Large sized PSU bank, Bank of India is maintaining its aggressive stance on fresh recruitments as it combats the ongoing decade which has been called the retirement-decade at all PSU banks, due to the large number of retirements that are scheduled to happen by 2020. Chairperson VR Iyer informed that in FY'14 alone, BoI would recruit around 4500 officers and clerks. Iyer's higher priority is, however, upping the profitability of the lender.
Bank of India has had a difficult Q4 like most of its peers. Quarterly net profit has fallen by over 20% on a year-on-year basis, and by nearly 6% on a sequential or quarter-on-quarter basis.
However, the performance is far from the nadir it hit in the last September quarter, when quarterly net profit was around 2.5 times lesser than the current level. The Mumbai based lender is definitely building on the turnaround it registered in the December quarter.
That quarter also saw the large-sized bank get a new Chairperson, VR Iyer. She was formerly Executive Director at Central Bank of India, and even before that assignment, has had a notable career spanning 33 years with Union Bank of India, where she last served as GM. That all these three banks are headquartered in Mumbai is sure to give an added edge to her turnaround plans for Bank of India as its Chairperson & Managing Director.
Despite Q4 being difficult, the public sector lender did achieve many milestones during the full fiscal of 2012-13. Total Business has touched Rs. 6.75 lakh crore, registering a rise of 18.5% on YoY basis. Non-Interest Income is up by 13.40% on the same basis. Operating Profit for the fiscal is up by 11.42%. Book value per share has improved from Rs. 326.52 in March 2012 to Rs. 362.37 in March 2013.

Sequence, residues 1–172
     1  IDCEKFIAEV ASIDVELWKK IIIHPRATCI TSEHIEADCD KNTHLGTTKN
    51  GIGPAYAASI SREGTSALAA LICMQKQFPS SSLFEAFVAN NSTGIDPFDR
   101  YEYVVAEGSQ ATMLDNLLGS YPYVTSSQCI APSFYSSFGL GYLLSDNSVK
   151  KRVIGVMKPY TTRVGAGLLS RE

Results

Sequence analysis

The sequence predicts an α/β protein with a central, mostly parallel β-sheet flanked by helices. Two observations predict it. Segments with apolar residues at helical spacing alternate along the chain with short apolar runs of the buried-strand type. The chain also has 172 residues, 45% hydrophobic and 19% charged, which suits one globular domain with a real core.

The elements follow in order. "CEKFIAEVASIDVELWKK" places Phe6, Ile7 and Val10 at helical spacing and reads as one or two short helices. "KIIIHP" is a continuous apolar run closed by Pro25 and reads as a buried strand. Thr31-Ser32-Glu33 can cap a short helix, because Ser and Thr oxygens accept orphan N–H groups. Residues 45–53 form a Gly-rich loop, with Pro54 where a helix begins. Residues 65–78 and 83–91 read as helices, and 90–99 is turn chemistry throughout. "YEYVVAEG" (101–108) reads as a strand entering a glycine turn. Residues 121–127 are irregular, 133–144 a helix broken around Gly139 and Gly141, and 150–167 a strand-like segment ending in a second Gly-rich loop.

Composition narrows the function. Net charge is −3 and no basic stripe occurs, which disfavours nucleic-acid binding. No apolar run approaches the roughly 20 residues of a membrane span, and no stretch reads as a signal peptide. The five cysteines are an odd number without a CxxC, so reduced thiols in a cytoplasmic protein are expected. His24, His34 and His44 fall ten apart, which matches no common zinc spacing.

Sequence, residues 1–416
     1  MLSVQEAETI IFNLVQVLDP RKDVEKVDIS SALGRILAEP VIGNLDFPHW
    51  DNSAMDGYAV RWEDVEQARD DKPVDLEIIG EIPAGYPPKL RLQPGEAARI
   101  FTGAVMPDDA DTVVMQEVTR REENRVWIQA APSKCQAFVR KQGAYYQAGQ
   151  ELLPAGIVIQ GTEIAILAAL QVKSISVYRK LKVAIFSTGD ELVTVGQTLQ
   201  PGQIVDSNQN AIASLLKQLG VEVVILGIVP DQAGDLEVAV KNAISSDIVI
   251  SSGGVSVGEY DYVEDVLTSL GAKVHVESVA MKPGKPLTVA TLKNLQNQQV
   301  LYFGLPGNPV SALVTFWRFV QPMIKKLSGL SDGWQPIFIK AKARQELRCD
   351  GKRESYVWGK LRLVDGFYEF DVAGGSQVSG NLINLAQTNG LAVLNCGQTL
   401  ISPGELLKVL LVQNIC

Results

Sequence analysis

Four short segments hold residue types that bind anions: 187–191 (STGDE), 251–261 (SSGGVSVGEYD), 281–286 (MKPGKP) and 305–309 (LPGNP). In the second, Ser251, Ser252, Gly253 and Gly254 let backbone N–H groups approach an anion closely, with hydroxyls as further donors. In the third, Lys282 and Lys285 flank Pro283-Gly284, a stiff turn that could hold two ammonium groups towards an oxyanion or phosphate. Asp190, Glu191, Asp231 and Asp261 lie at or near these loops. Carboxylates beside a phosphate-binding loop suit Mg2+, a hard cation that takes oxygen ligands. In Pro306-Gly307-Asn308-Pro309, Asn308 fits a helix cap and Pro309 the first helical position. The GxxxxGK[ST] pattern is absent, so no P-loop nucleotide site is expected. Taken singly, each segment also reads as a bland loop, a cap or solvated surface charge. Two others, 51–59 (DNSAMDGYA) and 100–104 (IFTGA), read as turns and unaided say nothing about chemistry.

Rewarding its shareholders, including Government of India, Bank of India’s Director Board has also proposed a dividend of 100% as against last year’s 70%.
But the challenges facing the bank is not lost on Chairperson VR Iyer. Her biggest strength is the fact that she is a realistic leader. Iyer is candid enough to admit that Bank of India like most of its public sector peers faces an uphill task in both credit growth as well as in deposit mobilization.
While everyone is anticipating that credit uptake will improve, she frankly admits that from her talks with some of BoI’s largest clients, no one is talking about making fresh or massive investments, yet. At the same time, Iyer feels that mobilizing low-cost deposits would be a much bigger challenge for public sector banks including Bank of India. Obviously, understanding the challenge is half-way of solving the challenge.
Another of her strengths that Bank of India is utilizing is that she is not wary about taking a contrarian position. While everyone is harping on retail loans to be the next game-changer in public sector banking sphere, she forecasts that retail loans alone won’t be enough to replace the volumes of large corporate loans that PSBs like BoI are known for.